A second method of graywater reclamation is diverting. This option might add complexity and cost, but may make graywater distribution easier.

An electrical three-way valve, or in some areas, a manual valve, can be installed into the drainage system of a shower, sink or washing machine. Instead of going to the sewer, the water can be diverted into an alternate drainage. The graywater can then be transported to a surge tank, where it will be filtered and pumped out for irrigation. A passive system utilizing gravity feed can be used where the topography is favorable.

Although surge tanks are commonly used for graywater systems, some experts who use graywater for irrigation do not recommend storing graywater at all. Many states have limits as to the size of the storage tank and how long the water can remain in the tank, depending upon the tier of graywater permit required.

Evan Marks, executive director of The Ecology Center, Berkeley, California, is currently working on a new system in which all graywater in a home can come into a central tank and immediately gets pumped out for irrigation. “If you store graywater for more than 12 hours, it turns into blackwater,” said Marks. “It’s all about designing systems that use graywater immediately.”

Some experts recommend a drip irrigation system for distributing graywater throughout landscapes. “Studies have shown that drip systems are at least 30 percent and up to 60 percent more effective than sprinklers, “said Bilson. “That’s a huge difference, considering a huge amount of all water used in states such as California goes to landscape irrigation.”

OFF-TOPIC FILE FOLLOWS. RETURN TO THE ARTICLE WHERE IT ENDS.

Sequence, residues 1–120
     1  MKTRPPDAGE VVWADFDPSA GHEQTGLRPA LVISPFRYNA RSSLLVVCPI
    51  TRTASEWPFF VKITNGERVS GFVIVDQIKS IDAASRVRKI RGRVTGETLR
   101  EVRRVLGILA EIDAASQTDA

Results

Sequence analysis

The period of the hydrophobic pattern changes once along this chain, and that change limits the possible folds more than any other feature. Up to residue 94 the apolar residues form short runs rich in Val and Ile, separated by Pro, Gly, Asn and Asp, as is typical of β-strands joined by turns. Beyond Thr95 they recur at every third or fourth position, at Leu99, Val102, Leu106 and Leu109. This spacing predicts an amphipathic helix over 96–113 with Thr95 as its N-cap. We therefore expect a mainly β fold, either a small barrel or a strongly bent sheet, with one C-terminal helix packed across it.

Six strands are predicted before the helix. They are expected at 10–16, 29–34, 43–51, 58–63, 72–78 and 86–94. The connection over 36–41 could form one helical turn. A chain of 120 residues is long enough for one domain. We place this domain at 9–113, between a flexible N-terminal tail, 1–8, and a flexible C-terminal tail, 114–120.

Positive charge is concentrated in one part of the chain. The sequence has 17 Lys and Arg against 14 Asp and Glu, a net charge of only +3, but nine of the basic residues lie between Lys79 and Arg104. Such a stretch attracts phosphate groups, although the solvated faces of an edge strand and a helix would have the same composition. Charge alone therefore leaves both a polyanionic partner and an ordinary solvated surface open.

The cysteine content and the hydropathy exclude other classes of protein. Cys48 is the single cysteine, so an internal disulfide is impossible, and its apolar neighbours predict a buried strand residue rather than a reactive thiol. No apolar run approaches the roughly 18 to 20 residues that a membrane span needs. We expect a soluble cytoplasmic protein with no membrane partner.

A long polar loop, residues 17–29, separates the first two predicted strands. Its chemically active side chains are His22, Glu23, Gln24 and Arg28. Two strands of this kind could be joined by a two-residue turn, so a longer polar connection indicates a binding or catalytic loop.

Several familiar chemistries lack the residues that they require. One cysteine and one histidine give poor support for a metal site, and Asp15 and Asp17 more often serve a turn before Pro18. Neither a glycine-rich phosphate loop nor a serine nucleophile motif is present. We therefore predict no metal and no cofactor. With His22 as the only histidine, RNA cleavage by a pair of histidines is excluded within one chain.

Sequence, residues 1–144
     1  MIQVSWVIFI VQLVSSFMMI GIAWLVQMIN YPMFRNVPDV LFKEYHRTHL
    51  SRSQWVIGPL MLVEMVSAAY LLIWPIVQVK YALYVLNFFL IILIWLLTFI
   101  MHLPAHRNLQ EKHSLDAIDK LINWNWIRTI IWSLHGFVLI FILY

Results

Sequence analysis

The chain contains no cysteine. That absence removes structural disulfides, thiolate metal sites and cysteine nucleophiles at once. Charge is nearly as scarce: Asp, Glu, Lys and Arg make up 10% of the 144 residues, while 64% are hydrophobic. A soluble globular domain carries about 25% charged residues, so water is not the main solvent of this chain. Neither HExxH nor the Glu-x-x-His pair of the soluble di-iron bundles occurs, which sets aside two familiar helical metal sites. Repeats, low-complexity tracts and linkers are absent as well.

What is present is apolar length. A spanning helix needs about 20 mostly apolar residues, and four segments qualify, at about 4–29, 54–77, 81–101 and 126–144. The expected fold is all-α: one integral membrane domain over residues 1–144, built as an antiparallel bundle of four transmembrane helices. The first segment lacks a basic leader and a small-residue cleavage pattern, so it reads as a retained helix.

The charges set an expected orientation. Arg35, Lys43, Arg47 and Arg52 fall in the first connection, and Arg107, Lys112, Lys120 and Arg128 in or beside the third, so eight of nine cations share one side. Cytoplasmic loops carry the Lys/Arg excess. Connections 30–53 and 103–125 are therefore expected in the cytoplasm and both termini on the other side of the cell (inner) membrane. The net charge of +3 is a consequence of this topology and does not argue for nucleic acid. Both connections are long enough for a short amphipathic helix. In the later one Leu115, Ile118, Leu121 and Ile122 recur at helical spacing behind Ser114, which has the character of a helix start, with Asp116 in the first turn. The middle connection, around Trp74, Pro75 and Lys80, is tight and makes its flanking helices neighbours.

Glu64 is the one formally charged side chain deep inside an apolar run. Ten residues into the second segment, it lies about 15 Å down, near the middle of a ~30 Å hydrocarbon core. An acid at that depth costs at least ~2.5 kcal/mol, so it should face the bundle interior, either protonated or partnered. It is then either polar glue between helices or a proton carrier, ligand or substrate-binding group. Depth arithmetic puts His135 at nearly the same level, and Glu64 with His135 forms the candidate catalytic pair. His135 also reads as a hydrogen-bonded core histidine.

Graywater systems have been established in some urban areas since the 1960s. However, they have not been widely accepted in many areas until this past decade. For the majority of the world, there have been strict regulations on graywater that have deterred people from using it. (There are still some states within the U.S. that do not allow legal graywater systems.) Because graywater may contain food particles, detergent, soap residue and possibly some human pathogens, it can often be seen as a public health concern rather than water conservation. Yet, there are no known documented cases showing graywater as a health threat.

While many states have recently adopted policies promoting graywater systems as a result of the water crisis, some state’s regulations have made the use of graywater expensive and time consuming.

Oregon residents, for example, must go through a lot of red tape in order to tap into graywater. Indoor use has to meet strict standards of the state plumbing code, making installation pricey. As it is, plumbing systems that are compatible with mass-produced graywater are hard to find.

Outdoor use of graywater has recently become legal; however, Oregon’s Department of Environmental Quality (DEQ) now has to develop a ‘permit program,’ which is not expected to be finished until late 2011. Until then, Oregon residents must refrain from outdoor use.